The 95 study participants resulted from a total of 127 intake class enrollees. This total represented 74.8% of the intake class patients. Study analyses comprised descriptive statistics, independent group t tests, and chi-square analyses comparing bariatric surgery versus non-surgery participants. Factors on which we completed group comparisons included demographic (age, ethnicity, gender), biomedical (weight and BMI, history of heart disease, stroke, and major cardiovascular risk factors), and psychosocial variables cited in previous literature as common contraindicators to bariatric surgery (psychiatric diagnoses, substance use, binge eating, weight loss expectations, eating patterns, etc.). After adjusting for age and BMI, we entered factors identified as significantly different between bariatric surgery versus non-surgery patients at the bivariate level in a logistic regression to assess which of the latter factors most effectively predicted subsequent surgery candidacy. The criterion for statistical significance was set at p < 0.05. All calculations were performed using SPSS 17.0 (www.SPSS.com).


Among 95 eligible patients completing MOVE! intake classes during the observation period, 25 went on to bariatric surgery candidacy through the weight control clinic by the end of the study follow-up. Table 1 summarizes biomedical data comparing the bariatric versus non-bariatric patients. The latter values showed a general pattern for bariatric candidates carrying a lower chronic disease burden. Patients going on to bariatric candidacy had significantly lower self-reported rates of smoking (15.7% versus 4.0% for non-bariatric versus bariatric patients, respectively, p = 0.03) and heart disease (15.7% versus 4.0%, respectively, p = 0.04). Comparing the patient groups on a composite cardiovascular risk variable (comprised of stroke and heart disease history, diabetes, high cholesterol, smoking, hypertension, and family history of heart disease) showed that surgery patients averaged significantly fewer cardiovascular risk indicators (means = 2.1 (1.4) versus 1.4 (1.2) for non-surgery versus surgery patients, respectively, p = 0.01). Patient groups did not differ on demographic factors, body weight, or BMI indices.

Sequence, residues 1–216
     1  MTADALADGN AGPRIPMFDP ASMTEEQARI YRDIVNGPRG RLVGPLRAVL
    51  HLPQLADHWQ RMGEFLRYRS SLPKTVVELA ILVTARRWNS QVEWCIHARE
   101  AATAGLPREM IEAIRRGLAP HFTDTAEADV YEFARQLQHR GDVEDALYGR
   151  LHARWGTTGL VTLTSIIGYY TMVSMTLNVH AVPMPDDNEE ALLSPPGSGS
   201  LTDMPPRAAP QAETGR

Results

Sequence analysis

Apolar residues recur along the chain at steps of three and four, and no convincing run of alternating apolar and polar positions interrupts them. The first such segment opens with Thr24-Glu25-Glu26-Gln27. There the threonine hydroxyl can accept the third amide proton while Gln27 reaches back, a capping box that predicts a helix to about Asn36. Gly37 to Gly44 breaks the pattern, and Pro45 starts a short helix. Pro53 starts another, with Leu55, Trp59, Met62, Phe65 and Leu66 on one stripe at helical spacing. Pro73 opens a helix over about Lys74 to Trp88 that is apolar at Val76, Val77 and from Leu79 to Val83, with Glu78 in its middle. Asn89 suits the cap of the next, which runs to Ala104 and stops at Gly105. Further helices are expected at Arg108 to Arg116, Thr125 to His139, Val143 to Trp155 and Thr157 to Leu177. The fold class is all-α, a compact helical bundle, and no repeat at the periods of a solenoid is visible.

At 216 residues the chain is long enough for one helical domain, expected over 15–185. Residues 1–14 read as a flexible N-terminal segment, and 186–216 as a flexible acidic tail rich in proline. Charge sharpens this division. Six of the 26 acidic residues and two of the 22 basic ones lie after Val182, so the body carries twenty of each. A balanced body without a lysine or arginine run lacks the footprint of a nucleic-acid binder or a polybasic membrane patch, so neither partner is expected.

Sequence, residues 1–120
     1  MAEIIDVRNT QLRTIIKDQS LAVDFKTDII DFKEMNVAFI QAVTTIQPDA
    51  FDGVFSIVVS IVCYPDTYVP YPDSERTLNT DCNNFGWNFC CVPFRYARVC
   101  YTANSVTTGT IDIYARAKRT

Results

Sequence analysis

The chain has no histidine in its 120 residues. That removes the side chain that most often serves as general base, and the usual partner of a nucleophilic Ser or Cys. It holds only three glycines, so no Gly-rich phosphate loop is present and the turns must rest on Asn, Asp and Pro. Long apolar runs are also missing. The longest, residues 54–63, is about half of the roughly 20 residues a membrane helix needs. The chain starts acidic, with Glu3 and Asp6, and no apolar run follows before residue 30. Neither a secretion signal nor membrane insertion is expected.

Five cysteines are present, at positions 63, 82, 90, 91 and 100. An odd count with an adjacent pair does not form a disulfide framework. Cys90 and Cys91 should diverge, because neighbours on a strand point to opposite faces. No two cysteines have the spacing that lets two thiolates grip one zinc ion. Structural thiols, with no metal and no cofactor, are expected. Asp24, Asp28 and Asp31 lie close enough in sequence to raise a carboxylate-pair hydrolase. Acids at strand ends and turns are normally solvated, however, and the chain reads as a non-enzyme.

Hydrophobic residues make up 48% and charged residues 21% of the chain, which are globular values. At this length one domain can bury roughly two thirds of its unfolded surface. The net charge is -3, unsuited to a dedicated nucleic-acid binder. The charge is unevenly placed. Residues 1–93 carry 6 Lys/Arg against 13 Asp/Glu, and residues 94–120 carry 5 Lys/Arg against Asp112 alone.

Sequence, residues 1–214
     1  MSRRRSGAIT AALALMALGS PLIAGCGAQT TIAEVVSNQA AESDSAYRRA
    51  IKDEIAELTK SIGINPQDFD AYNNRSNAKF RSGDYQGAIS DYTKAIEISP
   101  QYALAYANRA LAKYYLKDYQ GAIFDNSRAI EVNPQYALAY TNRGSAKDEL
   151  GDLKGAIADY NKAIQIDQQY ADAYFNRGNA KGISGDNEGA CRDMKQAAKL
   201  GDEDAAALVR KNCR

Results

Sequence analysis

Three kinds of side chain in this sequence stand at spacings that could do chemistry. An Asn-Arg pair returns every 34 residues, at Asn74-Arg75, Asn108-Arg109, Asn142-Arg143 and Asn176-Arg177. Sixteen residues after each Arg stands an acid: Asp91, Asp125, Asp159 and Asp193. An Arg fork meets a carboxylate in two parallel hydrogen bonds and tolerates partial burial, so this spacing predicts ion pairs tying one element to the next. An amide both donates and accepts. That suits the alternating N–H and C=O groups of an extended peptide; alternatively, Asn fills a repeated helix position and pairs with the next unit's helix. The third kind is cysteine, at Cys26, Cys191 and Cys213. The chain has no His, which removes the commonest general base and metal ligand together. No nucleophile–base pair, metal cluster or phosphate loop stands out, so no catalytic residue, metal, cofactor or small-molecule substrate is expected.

Table 1

Demographic and biomedical factors among bariatric surgery and non-surgery candidates (N = 95)


Non-surgery patients (n = 70)

Surgery candidates (n = 25)

Age (mean [standard deviation])

53.6 (10.9)

51.3 (8.7)


42.0 (6.0)

42.0 (6.0)

BMI ≥ 40 (%)



Weight (lb)

277.7 (47.5)

284.8 (50.8)

Race (non-Caucasian) (%)



Gender (female) (%)



Diabetic (%)



Hyperlipidemia (%)



Hypertension (%)



Smoker (%)



Heart disease (%)